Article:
The UAE has also become active in contributing to anti-piracy and counterterrorism efforts. Joining the multilateral Sahel Force to fight against jihadi groups in West Africa is a case in point. Together with the decision to back the Saudi-led offensive against the Al Houthis in Yemen, it has proactively sought to undermine Iranian influence not only in the Middle East, but in Africa as well.
Four, Africa has also become a laboratory to test another initiative. The economic ventures of DP World and other businesses over the last two decades has enabled the UAE to become more familiar with Africa and shift gears to the foreign policy domain. This was evident in the shift from the UAE seeking mediators to resolve some of its own vexing issues to becoming one of the mediators in resolving the Ethiopia-Eritrea row. More recently, Abu Dhabi also hosted talks between the United States and Taliban officials in a bid to stabilise Afghanistan and helped calm tempers between Pakistan and India.
These Asia-Africa strategies have glued together commercial, diplomatic and security interests, marking a new chapter in the UAE’s diplomatic journey.
Five, after being in the camp of countries that voted for the leadership of other countries in multilateral forums, the UAE is now getting elected to lead and host institutions and events of repute, such as the International Renewable Energy Agency and Expo 2020 Dubai.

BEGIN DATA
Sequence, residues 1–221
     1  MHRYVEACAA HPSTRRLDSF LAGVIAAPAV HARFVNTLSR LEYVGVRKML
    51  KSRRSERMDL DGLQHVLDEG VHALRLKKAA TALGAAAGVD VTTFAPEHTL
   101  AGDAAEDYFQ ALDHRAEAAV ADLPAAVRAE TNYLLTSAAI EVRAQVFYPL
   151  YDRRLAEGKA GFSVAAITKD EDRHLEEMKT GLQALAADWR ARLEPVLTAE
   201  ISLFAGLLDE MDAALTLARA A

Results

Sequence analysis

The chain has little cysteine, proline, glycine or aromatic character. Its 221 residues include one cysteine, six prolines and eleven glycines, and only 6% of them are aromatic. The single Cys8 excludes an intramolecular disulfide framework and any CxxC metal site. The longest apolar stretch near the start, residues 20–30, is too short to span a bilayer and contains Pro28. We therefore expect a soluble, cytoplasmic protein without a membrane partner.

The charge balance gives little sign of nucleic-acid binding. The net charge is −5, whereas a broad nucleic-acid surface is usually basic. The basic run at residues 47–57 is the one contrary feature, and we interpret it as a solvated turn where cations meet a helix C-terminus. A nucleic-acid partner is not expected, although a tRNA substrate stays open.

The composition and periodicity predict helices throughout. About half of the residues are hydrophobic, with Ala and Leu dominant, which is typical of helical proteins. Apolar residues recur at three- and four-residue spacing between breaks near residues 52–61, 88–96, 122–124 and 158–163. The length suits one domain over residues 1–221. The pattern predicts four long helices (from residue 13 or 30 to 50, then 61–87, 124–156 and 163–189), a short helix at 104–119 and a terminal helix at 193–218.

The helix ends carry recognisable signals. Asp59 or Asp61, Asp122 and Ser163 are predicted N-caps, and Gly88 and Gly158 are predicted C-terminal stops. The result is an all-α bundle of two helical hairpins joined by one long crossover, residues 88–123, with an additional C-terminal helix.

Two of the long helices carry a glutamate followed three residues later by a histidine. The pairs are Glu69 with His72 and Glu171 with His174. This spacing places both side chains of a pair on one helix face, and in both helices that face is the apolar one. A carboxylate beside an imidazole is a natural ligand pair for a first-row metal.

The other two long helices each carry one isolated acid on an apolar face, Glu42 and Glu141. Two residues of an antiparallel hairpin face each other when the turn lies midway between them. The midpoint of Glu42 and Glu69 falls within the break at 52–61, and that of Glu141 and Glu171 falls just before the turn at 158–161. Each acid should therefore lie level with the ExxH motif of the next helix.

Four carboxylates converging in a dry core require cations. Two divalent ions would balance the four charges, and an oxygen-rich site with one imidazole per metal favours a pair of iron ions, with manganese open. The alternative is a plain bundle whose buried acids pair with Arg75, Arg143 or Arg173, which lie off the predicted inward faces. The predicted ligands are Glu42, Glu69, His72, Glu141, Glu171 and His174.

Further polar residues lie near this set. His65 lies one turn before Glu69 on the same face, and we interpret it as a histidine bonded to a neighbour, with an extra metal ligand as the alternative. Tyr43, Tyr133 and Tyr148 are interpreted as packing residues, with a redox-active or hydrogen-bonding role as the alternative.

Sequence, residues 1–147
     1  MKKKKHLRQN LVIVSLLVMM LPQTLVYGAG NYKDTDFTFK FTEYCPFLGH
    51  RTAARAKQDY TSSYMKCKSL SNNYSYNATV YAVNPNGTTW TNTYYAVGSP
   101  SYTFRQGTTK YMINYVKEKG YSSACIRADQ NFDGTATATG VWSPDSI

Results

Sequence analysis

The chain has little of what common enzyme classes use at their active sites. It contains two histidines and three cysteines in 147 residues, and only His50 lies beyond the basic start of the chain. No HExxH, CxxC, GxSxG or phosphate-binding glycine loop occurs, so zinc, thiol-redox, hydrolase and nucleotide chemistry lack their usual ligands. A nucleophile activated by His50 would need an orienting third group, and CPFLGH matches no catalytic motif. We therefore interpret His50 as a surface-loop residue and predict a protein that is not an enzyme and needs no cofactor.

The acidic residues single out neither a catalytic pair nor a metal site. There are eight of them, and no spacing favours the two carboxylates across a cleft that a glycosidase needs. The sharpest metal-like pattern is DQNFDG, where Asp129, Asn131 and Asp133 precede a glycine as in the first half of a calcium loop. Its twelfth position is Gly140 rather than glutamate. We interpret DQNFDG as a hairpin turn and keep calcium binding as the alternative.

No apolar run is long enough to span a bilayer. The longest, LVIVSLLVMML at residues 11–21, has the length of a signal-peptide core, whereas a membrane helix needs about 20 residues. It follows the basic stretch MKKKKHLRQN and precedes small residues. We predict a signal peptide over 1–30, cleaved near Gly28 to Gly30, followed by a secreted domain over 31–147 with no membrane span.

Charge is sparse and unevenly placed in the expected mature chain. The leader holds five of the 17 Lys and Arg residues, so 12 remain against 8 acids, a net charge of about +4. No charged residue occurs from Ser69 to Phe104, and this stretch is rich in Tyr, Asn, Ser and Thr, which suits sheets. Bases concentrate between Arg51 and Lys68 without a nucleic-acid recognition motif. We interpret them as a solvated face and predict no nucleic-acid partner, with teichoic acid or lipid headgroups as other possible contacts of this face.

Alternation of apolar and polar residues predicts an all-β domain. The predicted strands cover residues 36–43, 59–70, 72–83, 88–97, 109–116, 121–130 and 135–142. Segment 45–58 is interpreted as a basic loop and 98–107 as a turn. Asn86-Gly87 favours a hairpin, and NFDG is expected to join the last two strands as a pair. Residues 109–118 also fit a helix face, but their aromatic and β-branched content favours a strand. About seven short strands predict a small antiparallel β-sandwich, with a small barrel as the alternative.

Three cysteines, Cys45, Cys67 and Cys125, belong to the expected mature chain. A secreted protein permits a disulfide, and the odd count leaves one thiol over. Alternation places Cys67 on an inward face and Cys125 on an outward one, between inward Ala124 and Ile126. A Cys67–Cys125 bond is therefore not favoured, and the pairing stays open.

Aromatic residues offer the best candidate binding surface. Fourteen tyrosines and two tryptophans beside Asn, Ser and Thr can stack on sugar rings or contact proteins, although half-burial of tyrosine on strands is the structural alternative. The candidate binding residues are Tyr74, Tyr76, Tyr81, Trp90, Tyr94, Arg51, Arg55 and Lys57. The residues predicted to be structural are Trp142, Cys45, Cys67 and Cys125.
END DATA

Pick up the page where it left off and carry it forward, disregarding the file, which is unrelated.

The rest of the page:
These shifts have been dictated by a ‘spirit of possibility’ and a desire to be recognised as more than just an oil-rich soft power. The UAE used steady economic growth to enhance its profile and showcase self-confidence by using every crisis as an opportunity to reinforce its progress.
This integrated social-economic-diplomatic-security policy approach could be associated with two strategies of public diplomacy that small states pursue as a means of gaining international recognition – ‘niche diplomacy’ and ‘nation branding’.
The former entails “linking its image with a particular cause…concentrating resources in specific areas best able to generate returns worth having.” This is particularly relevant when focusing on issues considered as contributing to the global good. The latter “is best described as a customer’s idea about a product” or conditioning “the outside world’s ideas about a particular country.”
These issues reinforce the fact that in international relations, size does not matter. Whichever way you view it, the UAE is now an important player in the great game.
It is this shift that led a US official to designate the UAE as the ‘Gulf Sparta.’ While this is debatable because ancient Greek Sparta was the epitome of hard power, and the UAE is far from it, the fact that the UAE has drawn such comparison is significant.
Given all these attributes, it is more likely that the UAE may be designated in the future as a ‘smart’, ‘middle’ or ‘influential’ power of repute or even the ‘Gulf Athens’, as Emirati intellectual Sultan Al Qassemi posited.